Typically, the Vikings sold men and women they had taken during raids as slaves. Given that the Vikings regularly plundered one another's towns, it follows that they routinely sold one another into slavery. They don't appear to have differentiated much in this sense between Scandinavians and non-Scandinavians, pagans and Christians, etc.; all that was important to them was market value. Trade towns were targeted by Viking raids, and given the high value items they produced and traded, it is easy to see why. They would have been particularly alluring targets.

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The primary reason the Vikings participated in the era's international trade was to satisfy their kings' need for exotic luxury items. It should thus come as no surprise that the founders and rulers of Viking trading cities were frequently Viking chieftains themselves because such imported goods were magnificent status symbols.

The size of a chieftain's fighting army was frequently proportionate to his income since the wealthiest chieftains could afford to be the most kind to the warriors who fought for them. A chieftain's chances of success in raiding increased proportionately with the size of his army, which in turn increased both his wealth and the number of soldiers under his command.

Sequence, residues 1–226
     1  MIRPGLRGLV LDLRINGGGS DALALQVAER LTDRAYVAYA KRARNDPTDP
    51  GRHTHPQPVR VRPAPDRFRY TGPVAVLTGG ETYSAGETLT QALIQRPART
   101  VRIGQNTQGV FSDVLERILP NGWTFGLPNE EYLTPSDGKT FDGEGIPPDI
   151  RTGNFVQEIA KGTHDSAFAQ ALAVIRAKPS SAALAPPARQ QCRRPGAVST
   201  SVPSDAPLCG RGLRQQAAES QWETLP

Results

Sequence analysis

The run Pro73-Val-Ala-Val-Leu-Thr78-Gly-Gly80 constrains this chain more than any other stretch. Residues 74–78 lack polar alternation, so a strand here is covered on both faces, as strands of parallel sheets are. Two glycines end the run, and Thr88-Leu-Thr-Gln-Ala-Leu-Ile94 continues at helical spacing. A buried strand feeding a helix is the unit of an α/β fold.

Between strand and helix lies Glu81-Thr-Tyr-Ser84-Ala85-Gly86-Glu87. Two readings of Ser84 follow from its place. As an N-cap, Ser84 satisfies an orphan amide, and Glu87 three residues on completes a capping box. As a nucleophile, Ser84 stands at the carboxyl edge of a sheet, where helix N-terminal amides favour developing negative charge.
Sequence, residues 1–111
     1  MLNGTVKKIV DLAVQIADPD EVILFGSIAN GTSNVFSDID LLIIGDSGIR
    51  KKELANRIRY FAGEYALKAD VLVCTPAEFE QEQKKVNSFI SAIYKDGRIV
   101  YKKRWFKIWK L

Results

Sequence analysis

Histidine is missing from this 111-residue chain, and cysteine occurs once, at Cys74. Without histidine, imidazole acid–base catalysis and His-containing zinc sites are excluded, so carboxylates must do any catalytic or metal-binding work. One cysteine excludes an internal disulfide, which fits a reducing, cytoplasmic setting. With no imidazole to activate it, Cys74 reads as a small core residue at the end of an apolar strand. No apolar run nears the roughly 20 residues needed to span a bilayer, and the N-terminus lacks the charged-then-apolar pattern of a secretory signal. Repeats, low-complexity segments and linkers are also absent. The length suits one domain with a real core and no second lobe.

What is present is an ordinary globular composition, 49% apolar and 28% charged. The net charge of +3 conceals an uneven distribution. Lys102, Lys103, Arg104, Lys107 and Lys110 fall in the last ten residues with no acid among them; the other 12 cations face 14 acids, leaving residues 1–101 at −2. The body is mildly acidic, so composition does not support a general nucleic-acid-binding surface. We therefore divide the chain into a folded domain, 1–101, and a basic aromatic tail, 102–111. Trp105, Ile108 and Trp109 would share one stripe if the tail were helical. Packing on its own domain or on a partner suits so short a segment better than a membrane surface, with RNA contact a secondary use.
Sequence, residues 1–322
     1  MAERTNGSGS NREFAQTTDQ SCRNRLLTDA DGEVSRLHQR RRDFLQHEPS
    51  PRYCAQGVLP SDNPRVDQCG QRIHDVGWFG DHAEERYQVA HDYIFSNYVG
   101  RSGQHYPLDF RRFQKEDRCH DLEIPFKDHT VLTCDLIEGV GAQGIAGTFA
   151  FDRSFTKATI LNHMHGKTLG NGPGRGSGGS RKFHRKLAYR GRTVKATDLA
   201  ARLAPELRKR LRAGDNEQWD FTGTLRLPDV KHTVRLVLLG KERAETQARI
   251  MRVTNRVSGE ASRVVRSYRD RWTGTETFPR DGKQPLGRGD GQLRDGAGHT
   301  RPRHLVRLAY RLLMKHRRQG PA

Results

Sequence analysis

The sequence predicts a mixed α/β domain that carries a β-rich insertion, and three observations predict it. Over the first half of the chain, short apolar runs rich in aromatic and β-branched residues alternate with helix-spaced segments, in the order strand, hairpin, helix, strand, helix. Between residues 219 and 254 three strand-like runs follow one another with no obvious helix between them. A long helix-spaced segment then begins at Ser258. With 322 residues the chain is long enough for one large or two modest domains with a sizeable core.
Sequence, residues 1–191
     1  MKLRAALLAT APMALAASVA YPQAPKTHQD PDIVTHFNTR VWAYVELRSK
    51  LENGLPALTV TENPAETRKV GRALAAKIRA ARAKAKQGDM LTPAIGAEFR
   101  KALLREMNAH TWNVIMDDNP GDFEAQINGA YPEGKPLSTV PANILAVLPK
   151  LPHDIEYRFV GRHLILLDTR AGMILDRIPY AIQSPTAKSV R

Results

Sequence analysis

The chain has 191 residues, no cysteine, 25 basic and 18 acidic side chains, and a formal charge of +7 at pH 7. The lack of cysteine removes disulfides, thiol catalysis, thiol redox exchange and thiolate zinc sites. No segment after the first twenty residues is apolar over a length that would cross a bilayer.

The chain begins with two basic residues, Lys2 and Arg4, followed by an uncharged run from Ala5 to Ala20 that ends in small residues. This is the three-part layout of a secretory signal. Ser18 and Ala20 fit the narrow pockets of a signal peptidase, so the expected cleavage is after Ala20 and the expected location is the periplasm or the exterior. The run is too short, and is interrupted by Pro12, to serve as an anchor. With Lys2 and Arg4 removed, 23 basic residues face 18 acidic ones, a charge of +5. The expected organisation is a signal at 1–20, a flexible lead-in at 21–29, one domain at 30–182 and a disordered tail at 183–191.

Simple Viking farmers, however, occasionally had weights for silver, suggesting that they had at least a little amount of silver to buy supplies for their farm from the outside world. This demonstrates that, while though providing chieftains with luxury commodities was trade's primary function, it was by no means its exclusive goal. People who lived in the rural regions close to trade cities sometimes exchanged excess items, usually food, for other things that went through the trading towns.

Viking Trade and Settlement

The importance of Viking settlements to Viking commerce cannot be overstated. The initial amicable encounters between the indigenous Irish and the Vikings in Viking sites like Ireland were commercial in character. Another indication of how rapidly such settlements were assimilated into a new global economy is the presence of silver hordes in Ireland that contain coins from other parts of the Viking World. Here, the colonies' original strategic military importance changed to economic and political importance. Place names also reflect the Vikings' wider economic significance and influence. Old Norse refers to the Copeland Islands as the "Merchant Islands," which are located off the coast of Ireland.